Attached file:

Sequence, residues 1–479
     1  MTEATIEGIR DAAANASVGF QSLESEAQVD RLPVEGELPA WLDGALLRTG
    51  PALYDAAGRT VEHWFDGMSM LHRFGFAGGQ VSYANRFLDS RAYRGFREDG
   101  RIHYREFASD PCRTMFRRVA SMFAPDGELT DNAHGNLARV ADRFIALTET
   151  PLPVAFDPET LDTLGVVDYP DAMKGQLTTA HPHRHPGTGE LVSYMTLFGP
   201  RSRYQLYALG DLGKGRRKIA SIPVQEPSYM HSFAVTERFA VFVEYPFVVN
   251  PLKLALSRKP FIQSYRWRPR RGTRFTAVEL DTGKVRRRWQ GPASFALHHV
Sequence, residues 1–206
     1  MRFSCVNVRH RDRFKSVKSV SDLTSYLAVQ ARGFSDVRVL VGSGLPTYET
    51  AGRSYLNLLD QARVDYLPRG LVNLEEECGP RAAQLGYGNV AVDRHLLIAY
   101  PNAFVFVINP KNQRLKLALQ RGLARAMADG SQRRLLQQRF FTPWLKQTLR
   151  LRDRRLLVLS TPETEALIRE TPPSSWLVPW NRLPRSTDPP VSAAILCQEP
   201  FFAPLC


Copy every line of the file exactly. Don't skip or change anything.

Sequence, residues 1–479
     1  MTEATIEGIR DAAANASVGF QSLESEAQVD RLPVEGELPA WLDGALLRTG
    51  PALYDAAGRT VEHWFDGMSM LHRFGFAGGQ VSYANRFLDS RAYRGFREDG
   101  RIHYREFASD PCRTMFRRVA SMFAPDGELT DNAHGNLARV ADRFIALTET
   151  PLPVAFDPET LDTLGVVDYP DAMKGQLTTA HPHRHPGTGE LVSYMTLFGP
   201  RSRYQLYALG DLGKGRRKIA SIPVQEPSYM HSFAVTERFA VFVEYPFVVN
   251  PLKLALSRKP FIQSYRWRPR RGTRFTAVEL DTGKVRRRWQ GPASFALHHV
Sequence, residues 1–206
     1  MRFSCVNVRH RDRFKSVKSV SDLTSYLAVQ ARGFSDVRVL VGSGLPTYET
    51  AGRSYLNLLD QARVDYLPRG LVNLEEECGP RAAQLGYGNV AVDRHLLIAY
   101  PNAFVFVINP KNQRLKLALQ RGLARAMADG SQRRLLQQRF FTPWLKQTLR
   151  LRDRRLLVLS TPETEALIRE TPPSSWLVPW NRLPRSTDPP VSAAILCQEP
   201  FFAPLC